Tea, which is more than 5,000 years old, was possibly born in the Yunnan province of China.
Legends mention Shen Nung, an early emperor and scientist, who ruled that all drinking water be boiled as a hygienic precaution. One day while traveling, his servants boiled water for him, and just then dried leaves from a nearby bush fell into the boiling water. The emperor drank the brown liquid and enjoyed it.
In 800, Lu Yu wrote Ch’a Ching, the first definitive book on tea. He diligently recorded the various methods of tea cultivation and preparation. Zen Buddhist missionaries later introduced his meticulous methods to Imperial Japan. One missionary in particular, Yesei, had observed its use in religious ceremonies in China and appreciated its value, and there are records of his findings.
Tea was so highly thought of in Japan that the serving of it was elevated to an art form, resulting in the Japanese tea ceremony. While visiting Japan, I was privy thrice to this exacting two-hour ceremony while sitting on bended knees: once by a Buddhist monk in a temple, once by a Canadian tea master and once in a private home while wearing a kimono.
Always there for the children. Learn more:
Perhaps one of the first Europeans to encounter tea and write about it was the Portuguese Jesuit Father Jasper de Cruz (in 1560). Around that time a Dutchman named Jan Huygen van Linshoten visited Java. He wrote about his voyage to the East Indies in 1598 and mentioned “cha,” as it was called in Mandarin.
Around 1650, the Dutch, under Peter Stuyvesant, brought the first tea to America in the settlement of New Amsterdam, later renamed New York by the English. So now that it is here you can enjoy a cuppa from one of the places below:
At Camellia Sinensis, crisp stainless steel caddies line the entire wall filled with white, yellow, black, oolong and green artisanal teas. Each of the four owners is a specialist in one kind, and they travel the world themselves to keep prices down (and quality up) by importing directly from China, Japan, India, Taiwan, Nepal, Sri Lanka, etc.
To brew tea, there are hand-crafted teapots from China, Japan, Quebec, Germany, Vietnam, Taiwan and Russia. They import “tea cakes” called Pu-erh from the jungles of China and Vietnam. These are aged, and like wine—they can be aged for 100 years.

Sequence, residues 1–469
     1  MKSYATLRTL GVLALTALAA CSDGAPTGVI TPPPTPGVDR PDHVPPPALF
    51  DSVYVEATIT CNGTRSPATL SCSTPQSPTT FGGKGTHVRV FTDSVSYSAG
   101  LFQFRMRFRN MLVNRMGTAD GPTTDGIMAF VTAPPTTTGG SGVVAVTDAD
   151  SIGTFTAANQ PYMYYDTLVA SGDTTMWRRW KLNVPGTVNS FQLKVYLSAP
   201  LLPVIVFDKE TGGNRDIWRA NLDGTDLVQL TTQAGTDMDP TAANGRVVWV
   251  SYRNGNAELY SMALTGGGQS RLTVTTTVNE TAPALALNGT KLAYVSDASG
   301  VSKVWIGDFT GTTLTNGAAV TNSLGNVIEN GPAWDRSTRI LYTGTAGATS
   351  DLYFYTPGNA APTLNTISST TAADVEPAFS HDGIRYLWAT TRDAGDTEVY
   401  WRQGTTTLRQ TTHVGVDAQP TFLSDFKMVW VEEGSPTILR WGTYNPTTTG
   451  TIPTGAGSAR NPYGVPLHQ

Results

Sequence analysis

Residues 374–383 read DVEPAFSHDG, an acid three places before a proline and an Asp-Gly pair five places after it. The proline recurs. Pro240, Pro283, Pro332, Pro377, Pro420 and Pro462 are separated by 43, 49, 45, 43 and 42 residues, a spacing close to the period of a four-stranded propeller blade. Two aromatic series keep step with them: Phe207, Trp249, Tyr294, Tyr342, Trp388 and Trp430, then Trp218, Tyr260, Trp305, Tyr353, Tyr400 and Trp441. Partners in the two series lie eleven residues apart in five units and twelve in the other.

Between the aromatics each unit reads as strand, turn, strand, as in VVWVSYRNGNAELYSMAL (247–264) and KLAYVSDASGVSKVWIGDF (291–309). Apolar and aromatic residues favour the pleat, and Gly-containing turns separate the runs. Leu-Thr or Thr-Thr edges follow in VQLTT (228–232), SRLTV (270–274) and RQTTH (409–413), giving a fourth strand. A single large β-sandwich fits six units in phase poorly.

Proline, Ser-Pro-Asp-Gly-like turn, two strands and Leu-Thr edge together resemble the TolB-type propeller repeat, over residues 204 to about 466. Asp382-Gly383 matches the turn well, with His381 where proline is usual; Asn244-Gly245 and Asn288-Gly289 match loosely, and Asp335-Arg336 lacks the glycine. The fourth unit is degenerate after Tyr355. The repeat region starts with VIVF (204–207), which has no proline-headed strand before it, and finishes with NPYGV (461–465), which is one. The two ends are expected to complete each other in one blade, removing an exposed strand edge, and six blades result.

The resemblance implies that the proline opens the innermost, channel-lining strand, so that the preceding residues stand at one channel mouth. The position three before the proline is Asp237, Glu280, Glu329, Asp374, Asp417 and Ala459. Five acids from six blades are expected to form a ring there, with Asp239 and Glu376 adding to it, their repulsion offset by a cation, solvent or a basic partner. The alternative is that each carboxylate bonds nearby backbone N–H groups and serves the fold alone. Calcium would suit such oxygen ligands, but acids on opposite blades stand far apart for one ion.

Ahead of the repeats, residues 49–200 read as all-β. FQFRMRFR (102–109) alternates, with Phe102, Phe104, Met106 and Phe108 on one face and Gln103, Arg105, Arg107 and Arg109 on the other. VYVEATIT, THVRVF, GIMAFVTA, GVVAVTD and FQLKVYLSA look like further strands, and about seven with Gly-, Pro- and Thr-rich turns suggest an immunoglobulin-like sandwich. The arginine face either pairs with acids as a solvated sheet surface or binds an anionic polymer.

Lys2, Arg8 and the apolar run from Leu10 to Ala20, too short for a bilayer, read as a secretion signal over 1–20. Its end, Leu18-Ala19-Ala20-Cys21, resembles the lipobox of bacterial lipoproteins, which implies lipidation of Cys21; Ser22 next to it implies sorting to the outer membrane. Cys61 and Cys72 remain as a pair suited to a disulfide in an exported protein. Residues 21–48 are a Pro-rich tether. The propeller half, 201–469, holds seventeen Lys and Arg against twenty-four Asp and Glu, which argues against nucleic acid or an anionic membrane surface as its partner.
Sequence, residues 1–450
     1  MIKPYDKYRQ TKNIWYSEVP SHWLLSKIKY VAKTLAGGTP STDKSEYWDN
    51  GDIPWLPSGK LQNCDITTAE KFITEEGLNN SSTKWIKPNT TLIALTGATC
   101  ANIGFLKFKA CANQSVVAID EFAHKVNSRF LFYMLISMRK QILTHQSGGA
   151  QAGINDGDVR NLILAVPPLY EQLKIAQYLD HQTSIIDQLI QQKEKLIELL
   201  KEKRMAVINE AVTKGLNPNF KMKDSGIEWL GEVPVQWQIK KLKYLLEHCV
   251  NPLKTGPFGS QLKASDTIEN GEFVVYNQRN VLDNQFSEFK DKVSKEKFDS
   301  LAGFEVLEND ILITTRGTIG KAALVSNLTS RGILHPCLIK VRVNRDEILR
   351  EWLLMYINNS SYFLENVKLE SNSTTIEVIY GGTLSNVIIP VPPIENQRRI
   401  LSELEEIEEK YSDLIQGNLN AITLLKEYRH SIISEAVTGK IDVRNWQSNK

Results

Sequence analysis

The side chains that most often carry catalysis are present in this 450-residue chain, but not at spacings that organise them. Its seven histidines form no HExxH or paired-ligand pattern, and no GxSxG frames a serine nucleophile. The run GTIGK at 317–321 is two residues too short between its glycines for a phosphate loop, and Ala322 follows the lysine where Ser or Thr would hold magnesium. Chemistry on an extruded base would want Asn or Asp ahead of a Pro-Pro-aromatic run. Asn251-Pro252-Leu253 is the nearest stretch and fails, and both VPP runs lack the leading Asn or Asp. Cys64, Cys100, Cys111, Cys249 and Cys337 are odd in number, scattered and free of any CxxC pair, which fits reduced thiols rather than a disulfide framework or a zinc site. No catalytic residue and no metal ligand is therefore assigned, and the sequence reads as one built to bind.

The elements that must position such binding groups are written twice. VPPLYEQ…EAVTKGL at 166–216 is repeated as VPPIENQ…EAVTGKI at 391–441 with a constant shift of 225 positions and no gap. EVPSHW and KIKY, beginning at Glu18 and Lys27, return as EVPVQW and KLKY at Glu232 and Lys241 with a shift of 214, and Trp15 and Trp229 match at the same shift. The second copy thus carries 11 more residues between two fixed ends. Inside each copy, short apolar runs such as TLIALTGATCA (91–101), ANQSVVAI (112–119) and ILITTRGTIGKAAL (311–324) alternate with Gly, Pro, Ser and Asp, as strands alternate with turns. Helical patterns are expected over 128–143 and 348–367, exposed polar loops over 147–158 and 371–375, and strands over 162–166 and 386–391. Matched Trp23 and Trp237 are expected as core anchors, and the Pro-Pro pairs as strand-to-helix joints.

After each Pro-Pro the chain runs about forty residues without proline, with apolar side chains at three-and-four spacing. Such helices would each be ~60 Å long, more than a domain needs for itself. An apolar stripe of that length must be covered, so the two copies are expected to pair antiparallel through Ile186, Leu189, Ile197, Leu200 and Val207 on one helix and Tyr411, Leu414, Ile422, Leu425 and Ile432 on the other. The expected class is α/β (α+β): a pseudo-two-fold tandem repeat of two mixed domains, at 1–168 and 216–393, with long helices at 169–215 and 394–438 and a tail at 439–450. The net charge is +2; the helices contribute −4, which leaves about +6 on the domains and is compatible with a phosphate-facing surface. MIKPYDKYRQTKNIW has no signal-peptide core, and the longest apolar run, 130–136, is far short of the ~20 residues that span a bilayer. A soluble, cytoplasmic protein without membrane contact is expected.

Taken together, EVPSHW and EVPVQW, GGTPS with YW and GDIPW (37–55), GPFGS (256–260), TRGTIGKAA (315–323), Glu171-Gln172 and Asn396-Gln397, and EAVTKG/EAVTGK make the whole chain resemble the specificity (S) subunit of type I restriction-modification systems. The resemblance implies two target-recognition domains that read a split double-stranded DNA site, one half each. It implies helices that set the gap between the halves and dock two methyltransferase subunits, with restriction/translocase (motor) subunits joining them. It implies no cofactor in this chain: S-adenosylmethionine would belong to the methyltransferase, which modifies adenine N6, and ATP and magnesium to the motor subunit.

Camellia Sinensis offers tea school, which covers all aspects of tea—taste introduction and countries—enjoy the teas in their salon, or buy them all online.
351 Emery, 514-286-4002
Jean Talon market, 7010 Casgrain, 514-271-4002
The family that owns Un Amour du Thés will gladly teach you about the 200 varieties of tea in the shop, individually, in a group or at tea tastings. They scour the world (India, China, Japan, Kenya, Tanzania) to stock black, green and white teas and come up with some interesting others: How about “chocolate” tea, the anti-cholesterol pu-erh from Yunnan, the red rooibos (full of antioxidants) or formed teas that “bloom” in water.
1224 Bernard W., 514-279-2999
2888 du Cosmodome in Laval, 450-687-4999
Davids Tea is introducing tea to a younger audience. The teas here are creative mixes—like a popcorn-scented tea called Movie Night—that can be served iced, in martinis, and might be blended with fruit petals, flowers, dehydrated fruits and sweet flavours. They offer seasonal menus and special teas: blooming ones, herbal ayurvedic, mate, pu-erh, rooibos, the emperor’s white teas, wine tea, tisanes and limited edition ones.
1207 Mont-Royal E., 514-527-1117
5625 Paré, 514-739-0006
Fairview Pointe Claire, 514-697-3331
Carrefour Laval, 450-681-0776
257 St. Viateur W., 514-278-60200
Centre Eaton, 514-284-6060
4859 Sherbrooke W., 514-489-0404
Place Versailles, 514-493-9191
Do you have a favourite tea shop in the Montreal area? Use the comment box below to tell us about it.